Home / Comic Book Review: Flash: Rebirth #1 by Geoff Johns and Ethan Van Sciver

Comic Book Review: Flash: Rebirth #1 by Geoff Johns and Ethan Van Sciver

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Barry Allen, the Flash of the 1950s, more commonly known as the second Flash, has been reborn in the capable hands of Geoff Johns, DC Comics’ stellar re-inventor of superheroes. The first issue of the five-issue mini-series is off and running at retailers now. The first issue printing sold out the first day and a second printing has been delivered.

When I first heard the rumors of the possibility of Barry Allen’s return substantiated, I really didn't know how I felt. Barry Allen was the Flash I grew up with, and I’ll never forget Carmine Infantino’s elegant and unique art during his run on the series. The Barry Allen Flash run was like no other comic series at the time. It was smart, funny, and filled with scientific theories thanks to a science fiction writers like Gardner F. Fox, who also brought back the original Jay Garrick Flash from the 1940s in an issue called “Flash of Two Worlds!”

I’m also going to blame Gardner F. Fox for the whole parallel worlds problem that cropped up later. And yes, folks, that’s a joke. Personally, I enjoy multiple earths.

But there were several crises that arose from the Earth One and Earth Two conundrum involving various origin stories of heroes. DC, for whatever reason, kept trying to reconcile the idea of multiple earths and ended up muddying the whole mythology of several characters for many years.

During the crisis back in 1985, Barry Allen sacrificed himself and died. He’s been dead for 25 years, although Mark Waid brought him back for a brief run in a special Brave And The Bold miniseries that was absolutely wonderful.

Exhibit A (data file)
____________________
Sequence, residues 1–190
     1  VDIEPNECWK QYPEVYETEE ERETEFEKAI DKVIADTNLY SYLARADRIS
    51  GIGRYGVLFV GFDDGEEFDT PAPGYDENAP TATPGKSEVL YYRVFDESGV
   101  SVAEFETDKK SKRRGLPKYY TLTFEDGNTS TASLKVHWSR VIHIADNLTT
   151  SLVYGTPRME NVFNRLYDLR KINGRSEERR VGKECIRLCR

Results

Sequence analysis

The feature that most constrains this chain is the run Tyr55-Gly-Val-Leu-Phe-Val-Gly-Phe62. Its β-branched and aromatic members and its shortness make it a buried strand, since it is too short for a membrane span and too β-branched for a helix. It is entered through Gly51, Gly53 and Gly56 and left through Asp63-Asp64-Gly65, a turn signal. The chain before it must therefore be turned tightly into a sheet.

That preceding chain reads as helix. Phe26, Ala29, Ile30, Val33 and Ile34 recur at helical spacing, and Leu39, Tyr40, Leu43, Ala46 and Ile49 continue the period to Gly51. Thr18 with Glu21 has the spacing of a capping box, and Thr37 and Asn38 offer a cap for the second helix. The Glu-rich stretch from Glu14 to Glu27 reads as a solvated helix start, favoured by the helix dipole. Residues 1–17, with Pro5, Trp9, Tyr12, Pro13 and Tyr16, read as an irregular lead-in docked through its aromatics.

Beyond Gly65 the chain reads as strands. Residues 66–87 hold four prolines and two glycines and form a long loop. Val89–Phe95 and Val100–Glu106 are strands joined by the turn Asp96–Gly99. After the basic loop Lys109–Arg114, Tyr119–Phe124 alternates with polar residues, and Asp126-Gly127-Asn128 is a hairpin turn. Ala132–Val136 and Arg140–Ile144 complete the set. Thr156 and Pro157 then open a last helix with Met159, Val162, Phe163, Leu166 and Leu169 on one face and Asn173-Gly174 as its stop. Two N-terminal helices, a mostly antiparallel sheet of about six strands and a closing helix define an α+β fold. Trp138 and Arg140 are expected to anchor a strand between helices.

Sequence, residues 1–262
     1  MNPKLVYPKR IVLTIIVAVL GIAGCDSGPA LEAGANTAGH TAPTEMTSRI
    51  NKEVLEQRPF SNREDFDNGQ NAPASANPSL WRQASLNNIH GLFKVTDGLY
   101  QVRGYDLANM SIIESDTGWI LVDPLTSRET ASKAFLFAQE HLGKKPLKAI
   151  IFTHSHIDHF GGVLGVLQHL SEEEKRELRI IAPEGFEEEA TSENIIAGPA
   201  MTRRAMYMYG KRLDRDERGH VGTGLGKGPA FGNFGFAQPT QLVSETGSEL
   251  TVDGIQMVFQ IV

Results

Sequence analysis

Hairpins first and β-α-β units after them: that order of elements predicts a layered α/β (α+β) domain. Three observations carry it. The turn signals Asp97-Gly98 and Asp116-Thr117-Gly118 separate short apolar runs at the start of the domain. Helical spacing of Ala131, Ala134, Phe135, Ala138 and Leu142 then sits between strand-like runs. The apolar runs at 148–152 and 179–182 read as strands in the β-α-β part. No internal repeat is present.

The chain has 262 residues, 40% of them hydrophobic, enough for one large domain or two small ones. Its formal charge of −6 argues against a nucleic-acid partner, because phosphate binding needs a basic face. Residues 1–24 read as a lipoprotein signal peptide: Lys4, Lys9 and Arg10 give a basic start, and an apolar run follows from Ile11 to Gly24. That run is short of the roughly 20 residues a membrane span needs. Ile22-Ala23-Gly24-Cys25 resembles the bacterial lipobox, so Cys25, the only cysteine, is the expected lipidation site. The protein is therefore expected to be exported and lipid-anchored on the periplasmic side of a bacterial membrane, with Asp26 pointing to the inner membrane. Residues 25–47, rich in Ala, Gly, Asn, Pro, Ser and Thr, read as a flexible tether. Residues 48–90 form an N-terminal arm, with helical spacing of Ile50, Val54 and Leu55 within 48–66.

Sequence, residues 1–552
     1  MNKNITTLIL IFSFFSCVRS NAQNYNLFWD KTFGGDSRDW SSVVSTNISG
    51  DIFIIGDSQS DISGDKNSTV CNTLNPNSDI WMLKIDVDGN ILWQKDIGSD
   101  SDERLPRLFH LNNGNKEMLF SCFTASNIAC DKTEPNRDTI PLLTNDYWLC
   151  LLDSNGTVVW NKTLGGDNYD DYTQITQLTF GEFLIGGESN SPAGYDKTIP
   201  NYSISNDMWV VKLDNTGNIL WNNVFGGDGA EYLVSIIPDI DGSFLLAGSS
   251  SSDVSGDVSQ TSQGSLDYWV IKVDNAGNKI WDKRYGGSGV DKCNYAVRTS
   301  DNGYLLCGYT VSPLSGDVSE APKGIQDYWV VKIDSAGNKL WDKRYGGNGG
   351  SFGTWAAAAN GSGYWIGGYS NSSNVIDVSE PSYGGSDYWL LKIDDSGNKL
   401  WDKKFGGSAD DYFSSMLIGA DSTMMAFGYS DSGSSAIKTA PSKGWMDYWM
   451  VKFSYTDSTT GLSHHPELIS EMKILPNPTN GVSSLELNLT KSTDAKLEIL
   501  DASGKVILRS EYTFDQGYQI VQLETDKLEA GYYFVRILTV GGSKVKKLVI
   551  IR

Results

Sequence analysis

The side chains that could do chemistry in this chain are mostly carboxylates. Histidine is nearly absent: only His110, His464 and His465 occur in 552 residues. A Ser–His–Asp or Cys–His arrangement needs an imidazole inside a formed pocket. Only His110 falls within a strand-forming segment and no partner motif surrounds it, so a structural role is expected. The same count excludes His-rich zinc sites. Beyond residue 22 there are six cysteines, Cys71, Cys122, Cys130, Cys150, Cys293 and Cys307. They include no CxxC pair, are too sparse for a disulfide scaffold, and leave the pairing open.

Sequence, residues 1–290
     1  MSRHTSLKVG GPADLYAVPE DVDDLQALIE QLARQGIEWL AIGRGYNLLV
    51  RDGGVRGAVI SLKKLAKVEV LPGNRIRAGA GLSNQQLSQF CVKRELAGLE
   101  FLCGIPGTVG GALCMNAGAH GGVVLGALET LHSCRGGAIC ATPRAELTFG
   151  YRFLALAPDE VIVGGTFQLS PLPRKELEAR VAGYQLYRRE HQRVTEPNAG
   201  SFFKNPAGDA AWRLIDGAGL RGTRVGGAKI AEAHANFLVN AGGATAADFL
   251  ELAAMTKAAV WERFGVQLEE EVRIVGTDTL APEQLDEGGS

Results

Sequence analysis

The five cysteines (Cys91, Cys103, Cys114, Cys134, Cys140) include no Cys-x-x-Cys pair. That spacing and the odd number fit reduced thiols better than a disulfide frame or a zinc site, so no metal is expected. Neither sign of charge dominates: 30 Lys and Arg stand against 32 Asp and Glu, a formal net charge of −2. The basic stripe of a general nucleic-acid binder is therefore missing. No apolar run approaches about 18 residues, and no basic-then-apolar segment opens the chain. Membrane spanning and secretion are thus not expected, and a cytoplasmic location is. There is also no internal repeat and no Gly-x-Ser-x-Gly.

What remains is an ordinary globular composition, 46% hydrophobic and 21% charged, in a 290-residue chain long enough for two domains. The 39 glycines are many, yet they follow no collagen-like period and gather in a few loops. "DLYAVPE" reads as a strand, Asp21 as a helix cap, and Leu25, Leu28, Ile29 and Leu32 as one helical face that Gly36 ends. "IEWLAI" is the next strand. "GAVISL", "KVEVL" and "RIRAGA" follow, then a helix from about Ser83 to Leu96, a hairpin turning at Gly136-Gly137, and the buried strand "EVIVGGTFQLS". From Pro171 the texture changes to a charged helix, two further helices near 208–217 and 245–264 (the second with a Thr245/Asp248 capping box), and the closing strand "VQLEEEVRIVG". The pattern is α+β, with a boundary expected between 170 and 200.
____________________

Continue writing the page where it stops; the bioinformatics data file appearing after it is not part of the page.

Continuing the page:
With the latest crisis finally set to rest, although now Bruce Wayne is presumably dead or at least lost in time, Barry Allen has returned. Fans are waiting to see what effect that is going to have with the other Flash characters as well as the DC universe.

Writer Geoff Johns is known for his incredible talent in resurrecting characters by reestablishing the conceit that first brought those heroes to life. His work on the Justice Society of America and Hawkman has been fantastic, but he has really hit his stride on Green Lantern.

Now he’s bringing the lightning back to Barry Allen. This first issue serves as an introduction to the whole Flash mythology. All the major players are gathered here and are on stage, and they’re not all happy to see Barry Allen back among them. Bart Allen, another character that has worn the Flash costume, is back from the dead as well.

I was really surprised by the fact that Barry Allen didn't put in an appearance in his own comic book until page 16. But when he did, it was with Hal Jordan, Green Lantern. These two characters have shared a long history, and Geoff Johns is the one who figures out why: they’re both on police forces. Hal Jordan is a police officer and Barry Allen is a forensic scientist. One of the things that’s going to be interesting about his work is the fact that chemical reactions can’t be speeded up. No matter how fast Barry Allen is, he has to wait on results in his chosen field just like everyone else.

So many questions are currently up in the air about Barry’s return. Especially since this is only a five-issue miniseries. I’m anxiously awaiting to see if he goes or stays, and if he stays, where is he going to be? We already seem to have Flashes running out our ears. But I trust that Geoff Johns and DC comics will find a place for Barry Allen. And I’m really curious where it’s going to be.

This issue is an outstanding example of good comic book writing. The characters are immediately engaging even if you don’t have a history with them. With all the backstory involved with the story of the Flash, trying to reveal all of the events can seem daunting. Geoff Johns handles it easily, then jump starts right into his own story.

I loved the mysterious setup at the beginning. It smacks so much of Barry’s own origins, and then it turns so monstrously wrong. The ending has me hanging, anxiously awaiting next issue.

Ethan Van Sciver also served as artist on Green Lantern: Rebirth. His art is simply fantastic. Reading this issue, I couldn’t help but be amazed at the variety of angles that Van Sciver uses throughout the story. Several times while reading the comic, the art seemed to break that fourth wall and be a peek into a whole world.

These five issues are going to be dynamite, however the story ends. I love the hero and I love the way Geoff Johns has brought him to life. Van Sciver’s artistic presentation of the Flash, in fact all the Flashes, is marvelous. I can hardly wait till the graphic novel comes out.

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